Professional wrestling used to live by the strict rule of “kayfabe” — pretending that the sport was genuine — but the “sport” really became popular when it stopped “insulting the intelligence” of fans, Hulk Hogan told a Florida courtroom Monday.
The ex-wrestler was testifying in his $100 million lawsuit against Gawker Media when he described his career as Hulk Hogan.
Hogan, 62, said that professional wrestling in the mid-1970s tried to pretend that it was a legitimate sport and was trying to “get all the beer drinkers and cigar smokers in the front row that wanted to see blood.”
Kayfabe, which portrays the events that take place in wrestling as real, was somewhat a code word for Hogan and his fellow wrestlers to stay in character even away from the ring, he said.
“There was a general rule called kayfabe that if you and I were talking about wrestling and someone was to walk up,” and Hogan then mimicked muttering “kayfabe” out the side of his mouth as a reminder to stay in character. “That was just the general theme.”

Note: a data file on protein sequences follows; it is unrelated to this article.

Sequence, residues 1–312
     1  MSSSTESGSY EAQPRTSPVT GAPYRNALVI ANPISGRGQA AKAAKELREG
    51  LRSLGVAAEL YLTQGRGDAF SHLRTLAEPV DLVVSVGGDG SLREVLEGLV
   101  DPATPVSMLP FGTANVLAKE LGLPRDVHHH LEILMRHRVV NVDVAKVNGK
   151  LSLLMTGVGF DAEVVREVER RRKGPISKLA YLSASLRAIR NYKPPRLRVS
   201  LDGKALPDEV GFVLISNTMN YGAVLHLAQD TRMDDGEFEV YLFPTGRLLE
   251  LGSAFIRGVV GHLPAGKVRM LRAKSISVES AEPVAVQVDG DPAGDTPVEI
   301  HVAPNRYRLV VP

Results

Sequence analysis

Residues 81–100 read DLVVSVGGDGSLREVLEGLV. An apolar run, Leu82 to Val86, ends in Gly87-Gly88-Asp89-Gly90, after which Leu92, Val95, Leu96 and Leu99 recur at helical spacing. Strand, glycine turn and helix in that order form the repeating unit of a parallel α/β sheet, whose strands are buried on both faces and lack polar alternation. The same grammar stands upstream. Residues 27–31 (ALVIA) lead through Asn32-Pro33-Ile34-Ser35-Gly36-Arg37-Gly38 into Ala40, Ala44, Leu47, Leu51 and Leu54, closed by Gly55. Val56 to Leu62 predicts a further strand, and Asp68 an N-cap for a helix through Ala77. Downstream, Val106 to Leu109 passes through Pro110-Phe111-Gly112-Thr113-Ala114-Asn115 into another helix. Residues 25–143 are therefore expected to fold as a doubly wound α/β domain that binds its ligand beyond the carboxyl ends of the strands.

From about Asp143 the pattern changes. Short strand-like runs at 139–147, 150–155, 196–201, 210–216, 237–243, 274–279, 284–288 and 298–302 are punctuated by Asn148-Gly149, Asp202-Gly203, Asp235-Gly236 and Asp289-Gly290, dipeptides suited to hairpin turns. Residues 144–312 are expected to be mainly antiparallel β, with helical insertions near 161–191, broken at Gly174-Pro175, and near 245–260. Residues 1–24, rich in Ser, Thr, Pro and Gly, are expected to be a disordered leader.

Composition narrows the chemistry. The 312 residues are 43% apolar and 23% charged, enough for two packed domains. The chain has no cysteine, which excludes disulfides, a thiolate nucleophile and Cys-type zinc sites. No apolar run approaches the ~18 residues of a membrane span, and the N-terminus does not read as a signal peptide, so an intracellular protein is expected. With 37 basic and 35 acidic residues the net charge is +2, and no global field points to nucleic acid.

But in the 1980s, pro wrestling shifted its view to “get the families in the front row” and focused on being “sports entertainment.”
“So we told everybody, look, wrestling is an exhibition. We know who’s going to win or lose,” Hogan said. “That’s when it really took off, when we stopped trying to insult the public’s intelligence.”
The former professional added that Wrestlemania I in 1985, which included wrestlers, singers, and athletes like Muhammad Ali, was “the first of ‘sports entertainment.'”
Despite the choreography and scripted bouts, Hogan said wrestling is “very physical” which has caused him multiple surgeries over the years.
“It was very physical then,” Hogan said. “It’s very physical now.”